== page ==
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Sand for Ballast!

Discussion in 'Commercial Snow Removal' started by River Hill, Nov 6, 2002.

  1. River Hill

    River Hill Senior Member
    Messages: 102

    I went to the local Home Depot today to buy a few bags of sand for ballast, as I am having my plow installed Friday. For those of you who are using sand as Ballast,are you buying the 50LB bags of sand in plastic or the 80LB bags in heavy duty paper. The 50LB bags are play sand and the larger bags are a more course sand. The problem we have here in MD, is alot of the time we have rain mixed in with the snow. How do the bags of sand in heavy paper hold up? Any other suggestions that might be better than sand for ballast would be helpful.
  2. DaveO

    DaveO PlowSite.com Veteran
    from Ma.
    Messages: 299

    Tubeasand from Home Depot. Comes in 60lbs reinforced bags for less than the play sand(~2.50).

  3. River Hill

    River Hill Senior Member
    Messages: 102

    I just found the tube of sand. Home Depot does not have it in our area yet, as they say it's sesonal. Lowes does have it at $3.42 a bag. Playsand is cheaper but it looks like the tube of sand is easier to handle and in a more sturdy bag.
    Last edited: Nov 6, 2002
  4. chtucker

    chtucker Senior Member
    Messages: 618

    No matter what I have ever used the bag always breaks. UV rays break down whatever packaging the sand is in. I surely wouldn't buy anything paper. If you keep the sand in the bed all winter, plan on it dumping sand some where from UV degradation. If you put it in and out, plan on ripping a bag on some sharp corner. Its cheap stuff. Just keep a broom handy. 2-5 dollars x 10 is minimal amount of money to be worried about. My ballast is two boxes one which contains tire chains, tow straps, blankets, shovel, flares, shackles, spare parts. In another box filled with sand, (one of the rubbermade jobbies). I can hop out and through down some sand to give me traction or to cover a steep parkling lot exit.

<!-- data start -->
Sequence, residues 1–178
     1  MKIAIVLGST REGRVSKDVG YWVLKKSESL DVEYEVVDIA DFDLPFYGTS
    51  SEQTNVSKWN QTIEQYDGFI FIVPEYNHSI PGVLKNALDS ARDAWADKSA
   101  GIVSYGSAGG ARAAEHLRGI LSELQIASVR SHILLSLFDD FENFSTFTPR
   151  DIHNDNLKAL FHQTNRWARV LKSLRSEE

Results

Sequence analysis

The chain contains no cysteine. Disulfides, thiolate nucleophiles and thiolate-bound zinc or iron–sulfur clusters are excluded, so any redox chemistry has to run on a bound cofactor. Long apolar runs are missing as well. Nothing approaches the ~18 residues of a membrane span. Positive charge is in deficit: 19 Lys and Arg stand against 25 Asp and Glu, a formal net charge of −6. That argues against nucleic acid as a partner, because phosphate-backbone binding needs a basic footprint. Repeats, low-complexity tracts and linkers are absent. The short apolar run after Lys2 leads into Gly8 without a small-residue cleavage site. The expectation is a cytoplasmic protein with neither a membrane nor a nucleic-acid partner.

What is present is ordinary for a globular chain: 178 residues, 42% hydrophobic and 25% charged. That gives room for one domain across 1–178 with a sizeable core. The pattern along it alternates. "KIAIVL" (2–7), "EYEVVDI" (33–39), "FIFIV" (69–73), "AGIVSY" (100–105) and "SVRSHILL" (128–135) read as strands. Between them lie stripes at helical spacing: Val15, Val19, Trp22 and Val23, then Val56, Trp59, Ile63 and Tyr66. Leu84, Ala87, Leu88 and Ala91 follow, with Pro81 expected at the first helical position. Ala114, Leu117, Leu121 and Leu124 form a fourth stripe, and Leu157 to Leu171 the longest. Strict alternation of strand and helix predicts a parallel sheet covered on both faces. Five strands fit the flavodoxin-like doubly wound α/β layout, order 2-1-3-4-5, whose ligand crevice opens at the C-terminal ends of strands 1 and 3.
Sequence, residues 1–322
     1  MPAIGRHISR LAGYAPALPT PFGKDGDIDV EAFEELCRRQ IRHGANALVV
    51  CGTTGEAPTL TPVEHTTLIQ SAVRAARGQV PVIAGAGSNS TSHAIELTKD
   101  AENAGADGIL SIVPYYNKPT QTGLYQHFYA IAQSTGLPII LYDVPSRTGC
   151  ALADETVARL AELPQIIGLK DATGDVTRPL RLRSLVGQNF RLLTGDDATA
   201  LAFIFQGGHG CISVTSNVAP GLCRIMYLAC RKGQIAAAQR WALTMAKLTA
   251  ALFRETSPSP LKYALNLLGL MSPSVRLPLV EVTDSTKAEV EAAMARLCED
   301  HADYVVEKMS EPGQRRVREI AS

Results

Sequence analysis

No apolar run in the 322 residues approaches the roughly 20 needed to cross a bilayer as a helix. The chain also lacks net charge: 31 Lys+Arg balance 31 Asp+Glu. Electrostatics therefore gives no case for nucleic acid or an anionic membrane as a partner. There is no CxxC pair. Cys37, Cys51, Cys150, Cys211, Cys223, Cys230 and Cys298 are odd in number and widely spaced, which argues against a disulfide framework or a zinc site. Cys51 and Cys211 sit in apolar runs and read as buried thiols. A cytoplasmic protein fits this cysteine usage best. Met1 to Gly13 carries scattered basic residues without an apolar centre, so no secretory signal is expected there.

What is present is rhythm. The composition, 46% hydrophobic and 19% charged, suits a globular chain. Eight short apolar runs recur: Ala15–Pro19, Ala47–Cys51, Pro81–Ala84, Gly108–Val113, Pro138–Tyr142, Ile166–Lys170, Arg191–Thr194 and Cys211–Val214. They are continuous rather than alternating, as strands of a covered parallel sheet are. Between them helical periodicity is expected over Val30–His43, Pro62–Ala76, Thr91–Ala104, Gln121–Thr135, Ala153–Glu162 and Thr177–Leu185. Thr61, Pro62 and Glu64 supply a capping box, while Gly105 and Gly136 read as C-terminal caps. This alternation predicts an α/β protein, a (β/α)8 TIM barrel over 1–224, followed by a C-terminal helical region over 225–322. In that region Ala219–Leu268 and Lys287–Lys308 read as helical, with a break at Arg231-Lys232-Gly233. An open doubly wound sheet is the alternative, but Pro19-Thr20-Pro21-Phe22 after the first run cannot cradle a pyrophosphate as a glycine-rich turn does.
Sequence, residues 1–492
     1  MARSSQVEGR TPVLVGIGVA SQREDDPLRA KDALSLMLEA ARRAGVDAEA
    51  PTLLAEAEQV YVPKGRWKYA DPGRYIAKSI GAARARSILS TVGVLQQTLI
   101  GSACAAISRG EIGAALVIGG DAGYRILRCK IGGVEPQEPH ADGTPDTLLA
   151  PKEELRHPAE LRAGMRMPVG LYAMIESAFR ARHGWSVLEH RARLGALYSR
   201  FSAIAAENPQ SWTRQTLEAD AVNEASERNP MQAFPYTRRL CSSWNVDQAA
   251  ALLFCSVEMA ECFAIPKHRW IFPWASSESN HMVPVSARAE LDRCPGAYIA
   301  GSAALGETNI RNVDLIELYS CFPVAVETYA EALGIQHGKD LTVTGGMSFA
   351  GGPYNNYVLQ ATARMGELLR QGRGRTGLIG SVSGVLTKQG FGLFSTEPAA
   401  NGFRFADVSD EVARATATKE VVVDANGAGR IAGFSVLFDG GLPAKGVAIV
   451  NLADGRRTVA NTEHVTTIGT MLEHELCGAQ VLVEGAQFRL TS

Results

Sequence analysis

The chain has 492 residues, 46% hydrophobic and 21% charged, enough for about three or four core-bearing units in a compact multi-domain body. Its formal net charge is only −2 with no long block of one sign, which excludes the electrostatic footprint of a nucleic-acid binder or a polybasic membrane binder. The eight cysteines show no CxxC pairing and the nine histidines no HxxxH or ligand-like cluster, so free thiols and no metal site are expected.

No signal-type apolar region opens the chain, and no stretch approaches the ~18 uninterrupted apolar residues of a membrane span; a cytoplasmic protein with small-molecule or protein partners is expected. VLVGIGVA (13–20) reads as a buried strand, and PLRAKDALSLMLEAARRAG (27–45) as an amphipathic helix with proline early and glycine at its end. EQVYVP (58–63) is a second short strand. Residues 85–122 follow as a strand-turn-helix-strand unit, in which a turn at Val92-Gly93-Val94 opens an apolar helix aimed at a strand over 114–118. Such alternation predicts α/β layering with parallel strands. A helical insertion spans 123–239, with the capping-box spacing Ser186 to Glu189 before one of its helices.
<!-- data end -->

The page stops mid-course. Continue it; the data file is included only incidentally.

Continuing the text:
5. Highpoint

    Highpoint Senior Member
    Messages: 241

    We spread a lot of sand from bags. We buy from lowes, Home Depot, etc. Had to always use the paper bagged stuff. hated it cause the bags got wet, broke. Last year the stores started carrying plastic bags. We were happy:) Bought 2 pallets, loaded in trucks. Did not cover since plastic is supposed to be water proof right.? Bags sweat, got wet, froze solid! Ended up dumping almost half. Plastic bags are not sealed. They all have a built in spout for moisture to get in. Bummer! Went back to the paper bags and covering with tarp. Tube sand would be the way to go if you are just looking for weight. Good luck.
  6. sonjaab

    sonjaab PlowSite.com Addict
    Messages: 1,425

    BRIAN.......I use the tube sand...I have a tonneau
    cover on my rig. SO prying eyes can't see my
    shovels, chains, etc....Also the tube sand stays
    dry ! I have a 2 x10 "H" over my wheel wells
    so everthing stays in place. I have cinch straps
    over the sand so it won't become a missile if
    I have to jamb on the brakes !...geo
  7. Ben

    Ben Member
    Messages: 62

    I keep mine in big rubbermaid totes with lids, bought at lowes about $6 each. they keep every thing nice and dry.
  8. long0

    long0 Senior Member
    Messages: 247

    I went down to the local lumber yard after a rain storm. They always have at least a couple of bags of concrete that get wet. Let them sit for a couple of days and you have hardened - baged concrete.

    Not only are they heavy, but they are also FREE. :drinkup:

  9. BWhite

    BWhite Senior Member
    Messages: 496

    train wheel

    Go to your local amtrak yard and ask for a junk train wheel it weighs about 500 lb. Keep some sand or traction etc
  10. firefighter

    firefighter Member
    from Ohio
    Messages: 44

    When I used sand, I went to the local feed store and purchased there feed sacks that are woven plastic. I filled sacks and used tie straps to tie off sacks.
  11. Roger Dodger

    Roger Dodger Senior Member
    from nw Pa.
    Messages: 240

    Keep in mind that loose weight used for traction can cause your insurance co. to not honor an accident claim. They believe loose weight can cause a vehicle to become unstable, or increase the damages during an accident. While this is not etched in stone by all companies, some have this policy in force, written in fine print, cleverly tucked away on page 689 of your policy!
  12. duke

    duke Junior Member
    Messages: 28

    use the 5 gallon buckets with covers. they are easy to put in and take out (with the handle) as well as they are water proof
  13. Eager Beaver

    Eager Beaver Senior Member
    Messages: 104

    80 lb salt bags work great also that come in plastic bags and they hold up pretty well. That way you have got some in the truck for other applications. Put a board or something in front of the bags to keep them from shifting forward. Some trucks have slots for this purpose built right in the beds of the trucks